Journal

The Memory Weaver by Jane Kirkpatrick

Eliza Spalding Warren was just a child when she was taken hostage by the Cayuse Indians during a massacre in 1847. Now the young mother of two children, Eliza faces a different kind of dislocation; her impulsive husband wants them to make a new start in another territory, which will mean leaving her beloved home and her departed mother’s grave–and returning to the land of her captivity. Eliza longs to know how her mother, an early missionary to the Nez Perce Indians, dealt with the challenges of life with a sometimes difficult husband and with her daughter’s captivity.

When Eliza is finally given her mother’s diary, she is stunned to find that her own memories are not necessarily the whole story of what happened. Can she lay the dark past to rest and move on? Or will her childhood memories always hold her hostage?

Based on true events, The Memory Weaver is New York Times bestselling author Jane Kirkpatrick’s latest literary journey into the past, where threads of western landscapes, family, and faith weave a tapestry of hope inside every pioneering woman’s heart. Readers will find themselves swept up in this emotional story of the memories that entangle us and the healing that awaits us when we bravely unravel the threads of the past.

**I received a copy of this book from Revell in exchange for my honest review. All opinions expressed are my own.**

There are some books that touch your heart and you can’t help but feel grateful for the oppurtunity to read them. Such was the case with The Memory Weaver by Jane Kirkpatrick.

In many ways, I found this book a difficult one to read. The story felt disjointed as it should, since I think it was meant to capture the way a traumatic experience shaped one girl’s life. Events would trigger flashbacks where Eliza, the main character and narrator of the story, would be transported back to a time where she was held hostage with others by Native Americans and at 10-years of age, being the only one who spoke both languages, forced to translate. This one moment colors most of the way that she looks at her life.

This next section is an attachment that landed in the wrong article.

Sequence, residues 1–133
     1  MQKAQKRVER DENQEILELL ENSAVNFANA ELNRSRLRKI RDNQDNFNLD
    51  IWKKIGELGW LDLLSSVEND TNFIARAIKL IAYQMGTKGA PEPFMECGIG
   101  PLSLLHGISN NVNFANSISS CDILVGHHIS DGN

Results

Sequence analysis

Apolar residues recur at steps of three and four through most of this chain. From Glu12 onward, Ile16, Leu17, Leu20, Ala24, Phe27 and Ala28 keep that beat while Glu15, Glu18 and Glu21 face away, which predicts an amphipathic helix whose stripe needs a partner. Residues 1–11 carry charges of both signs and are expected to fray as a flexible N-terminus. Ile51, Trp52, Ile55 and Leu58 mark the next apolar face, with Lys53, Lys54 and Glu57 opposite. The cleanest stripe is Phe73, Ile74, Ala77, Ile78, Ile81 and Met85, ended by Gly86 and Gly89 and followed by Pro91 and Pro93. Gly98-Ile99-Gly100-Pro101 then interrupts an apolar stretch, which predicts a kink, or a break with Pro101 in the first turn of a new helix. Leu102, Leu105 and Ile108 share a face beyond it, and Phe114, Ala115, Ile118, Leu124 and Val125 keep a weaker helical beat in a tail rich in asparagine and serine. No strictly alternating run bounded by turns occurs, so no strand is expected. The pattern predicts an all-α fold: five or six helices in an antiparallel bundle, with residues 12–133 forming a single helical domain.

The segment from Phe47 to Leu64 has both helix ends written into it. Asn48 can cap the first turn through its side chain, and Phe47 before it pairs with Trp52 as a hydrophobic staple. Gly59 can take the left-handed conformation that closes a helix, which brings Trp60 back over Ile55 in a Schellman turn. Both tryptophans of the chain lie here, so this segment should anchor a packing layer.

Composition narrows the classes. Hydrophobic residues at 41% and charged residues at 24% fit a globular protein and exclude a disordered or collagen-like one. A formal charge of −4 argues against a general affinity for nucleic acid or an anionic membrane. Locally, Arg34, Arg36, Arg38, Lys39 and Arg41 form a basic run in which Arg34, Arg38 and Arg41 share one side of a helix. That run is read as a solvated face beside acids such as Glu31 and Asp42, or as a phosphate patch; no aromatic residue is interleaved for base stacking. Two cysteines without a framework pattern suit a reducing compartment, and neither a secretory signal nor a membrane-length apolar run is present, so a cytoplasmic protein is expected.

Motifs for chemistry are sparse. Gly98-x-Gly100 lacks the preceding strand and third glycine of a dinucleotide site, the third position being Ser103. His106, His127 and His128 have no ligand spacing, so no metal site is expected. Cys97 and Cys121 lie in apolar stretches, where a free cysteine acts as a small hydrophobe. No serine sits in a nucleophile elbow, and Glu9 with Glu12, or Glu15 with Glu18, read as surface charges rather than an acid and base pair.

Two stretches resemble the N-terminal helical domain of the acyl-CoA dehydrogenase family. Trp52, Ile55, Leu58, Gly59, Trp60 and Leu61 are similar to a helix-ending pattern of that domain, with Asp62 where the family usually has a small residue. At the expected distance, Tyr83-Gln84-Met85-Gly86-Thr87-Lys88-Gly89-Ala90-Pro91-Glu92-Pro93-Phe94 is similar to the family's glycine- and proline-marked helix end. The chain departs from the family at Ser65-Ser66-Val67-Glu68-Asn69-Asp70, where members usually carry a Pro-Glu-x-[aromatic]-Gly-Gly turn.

This poignant story is told quite artfully. The language is eloquent and I truly felt I was listening to Eliza Spalding Warren tell her life story how she knew it to be–whether it was the way it happened or not. By the end of the book, I found myself examining my own life and while I don’t have near the dark memory that she had, I wondered about the way my own memories have changed over time. Either way, this book offered up something wonderful to think about.

This was not a book to read for fun. It is a thought-provoking novel. It’s one that has a somber tone through it–but there are certainly threads of joy, forgiveness, love and hope. I found the book hard to start reading after having put it down, but after a bit, I was immersed in the story and found it even more difficult to put down. This is a book that I think has a strong message and theme to it and is definitely worth picking up.

“The past is but a puzzle with pieces missing and misplaced.”

-The Memory Weaver

About the Author:
Jane is internationally recognized for her lively presentations and well-researched stories that encourage and inspire.  Her works have appeared in more than 50 publications including  Decision, Private Pilot and Daily Guideposts.  Jane is the author of over 25 books including historical novels. Many of her titles are based on the lives of real people or incidents set authentically in the American West.  Her first novel, A Sweetness to the Soul, won the coveted Wrangler Award from the Western Heritage Center.  Her works have been finalists for the Christy, Spur, Oregon Book Award, WILLA Literary Award and Reader’s Choice awards.  Several of her titles have been Book of the Month and Literary Guild selections.

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